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Asia-Pacific cities rank among world’s most connected destinations

Asia-Pacific cities continued their ascendance as global destinations in 2012, with nearly half of the world’s top 20 cities by visitor arrivals and expenditure heralding from the region, according to the MasterCard Global Destination Cities Index released on Monday.

This is the second installment of the MasterCard research, which is used as a barometer for understanding the global economy and the dynamic flow of commerce across the world. The MasterCard Index of Global Destination Cities ranks cities in terms of the number of their total international visitor arrivals and the cross-border spending by these same visitors in the destination cities, and gives visitor and passenger growth forecasts for 2012. This Index and the accompanying reports are not based on MasterCard volumes or transactional data.

The Index projects sustained growth among emerging market cities with the top ten Asia-Pacific destinations expecting a 9.5 percent growth in visitor arrivals for 2012 and a 15.3 percent surge in cross-border spending. Singapore (4th), Hong Kong (6th) and Kuala Lumpur (10th) feature in the Index’s top ten global cities.

Cities in Asia-Pacific once again led the charge globally with 8 of the top 20 cities by international arrivals, with Bangkok ranked third globally with projected visitors to top 12.2 million visitors this year. Singapore was in fourth rank with 11.8 million visitors, with Hong Kong sixth with 11.1 million visitors, and Kuala Lumpur ranked 10th with 8.1 million visitors expected.

The region also ranked highly on visitor spending with Bangkok ranked third globally with USD19.3 billion expected to be spent by inbound passengers in 2012, a 16.6 percent jump from last year. Singapore leapt two places to fifth overall with USD12.7b, up 12.7 percent on last year. Seoul moved into the top ten with USD10.6b in cross-border spend, an increase of 16.2 percent, while Tokyo, still recovering from the triple disasters of 2011 moved up four places to 14th, is officially the world’s third fastest growing market (24.2 percent) in terms of cross-border spending.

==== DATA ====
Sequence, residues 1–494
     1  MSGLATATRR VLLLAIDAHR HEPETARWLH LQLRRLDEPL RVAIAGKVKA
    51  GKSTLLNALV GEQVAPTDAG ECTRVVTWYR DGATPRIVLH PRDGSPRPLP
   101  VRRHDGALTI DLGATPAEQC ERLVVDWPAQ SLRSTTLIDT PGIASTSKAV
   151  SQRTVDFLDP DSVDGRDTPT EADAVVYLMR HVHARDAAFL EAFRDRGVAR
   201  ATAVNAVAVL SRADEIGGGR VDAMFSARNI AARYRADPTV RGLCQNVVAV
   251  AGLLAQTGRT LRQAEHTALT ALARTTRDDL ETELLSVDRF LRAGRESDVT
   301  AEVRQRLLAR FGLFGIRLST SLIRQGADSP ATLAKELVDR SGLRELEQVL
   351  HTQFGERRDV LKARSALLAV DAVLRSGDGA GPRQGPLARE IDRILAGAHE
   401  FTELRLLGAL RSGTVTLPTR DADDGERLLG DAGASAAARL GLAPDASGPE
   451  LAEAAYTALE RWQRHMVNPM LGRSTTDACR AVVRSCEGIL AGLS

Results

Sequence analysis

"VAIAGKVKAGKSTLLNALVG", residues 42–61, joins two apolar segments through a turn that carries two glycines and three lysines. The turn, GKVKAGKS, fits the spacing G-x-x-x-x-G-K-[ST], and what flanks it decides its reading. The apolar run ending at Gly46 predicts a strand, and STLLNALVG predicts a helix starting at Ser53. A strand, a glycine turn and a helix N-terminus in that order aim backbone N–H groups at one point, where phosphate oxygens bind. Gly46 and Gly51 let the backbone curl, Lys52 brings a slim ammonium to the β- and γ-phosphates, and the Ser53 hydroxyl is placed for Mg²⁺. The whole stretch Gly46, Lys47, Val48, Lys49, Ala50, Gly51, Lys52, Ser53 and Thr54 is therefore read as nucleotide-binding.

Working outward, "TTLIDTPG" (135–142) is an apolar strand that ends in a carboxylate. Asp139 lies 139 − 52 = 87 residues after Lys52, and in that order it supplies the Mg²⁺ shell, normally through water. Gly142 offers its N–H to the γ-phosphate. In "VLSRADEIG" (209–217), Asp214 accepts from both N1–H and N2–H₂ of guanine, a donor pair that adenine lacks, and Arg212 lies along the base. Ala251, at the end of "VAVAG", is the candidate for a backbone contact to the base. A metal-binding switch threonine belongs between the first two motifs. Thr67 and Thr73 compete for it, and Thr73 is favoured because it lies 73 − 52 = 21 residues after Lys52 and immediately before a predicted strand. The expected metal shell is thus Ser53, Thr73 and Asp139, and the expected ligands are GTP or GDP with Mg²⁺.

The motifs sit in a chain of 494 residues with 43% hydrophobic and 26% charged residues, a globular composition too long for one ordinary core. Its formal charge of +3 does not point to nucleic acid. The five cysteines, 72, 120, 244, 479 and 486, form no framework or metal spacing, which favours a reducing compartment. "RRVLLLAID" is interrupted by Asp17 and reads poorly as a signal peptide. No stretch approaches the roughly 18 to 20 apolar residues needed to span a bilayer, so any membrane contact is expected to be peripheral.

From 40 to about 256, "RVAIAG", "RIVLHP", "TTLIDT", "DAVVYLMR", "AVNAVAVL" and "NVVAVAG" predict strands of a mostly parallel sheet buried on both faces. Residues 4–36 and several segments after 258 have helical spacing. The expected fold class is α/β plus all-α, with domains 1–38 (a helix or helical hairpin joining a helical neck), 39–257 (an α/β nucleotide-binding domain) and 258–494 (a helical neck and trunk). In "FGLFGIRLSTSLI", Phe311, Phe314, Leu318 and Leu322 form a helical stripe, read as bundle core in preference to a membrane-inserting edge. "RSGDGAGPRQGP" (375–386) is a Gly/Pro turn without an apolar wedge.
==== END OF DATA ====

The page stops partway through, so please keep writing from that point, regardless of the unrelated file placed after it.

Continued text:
In terms of growth in visitor numbers 6 out of the top 20 fastest growing cities in the Index were from Asia-Pacific with Tokyo second globally behind Rio de Janeiro (28.6 percent) with a 21.5 percent growth in visitor arrivals.

Taipei and Beijing also featured in both the top ten growth cities by visitor arrivals and cross-border spending.
"Asia’s destination cities continue their rise, expecting a significant upward trend in visitor arrivals and cross-border spends – most of them on the back of large double digit growth," observed Yuwa Hedrick-Wong, global economic advisor, MasterCard Worldwide.

London once again topped the world’s cities by visitor numbers with 16.9 million inbound passengers expected in 2012, ahead of Paris in second place with 16 million inbound passengers expected.

London also ranked first on cross-border expenditure, ahead of New York in second place, with estimated expenditures in these cities for 2012 amounting to USD21.1b and USD19.4b respectively.

While cities in Europe and the US still ranked highly in the MasterCard Global Destination Cities Index, Hedrick-Wong said that the number of emerging market cities featuring in the Index showed Asia’s growing role in the global economy.

"The leading Asian cities are some of the most sought after destinations for visitors from all over the world, and the Index indicates that they will continue to thrive into 2012," he said.

"Another interesting trend that we observe is a rise in cashless payments with many international travellers opting to do electronic transactions rather than using cash. The trend is a response to an increasing demand for safe, simple and smart payments, and highlights the rising importance of cashless commerce for both business and leisure travel," Wong concluded.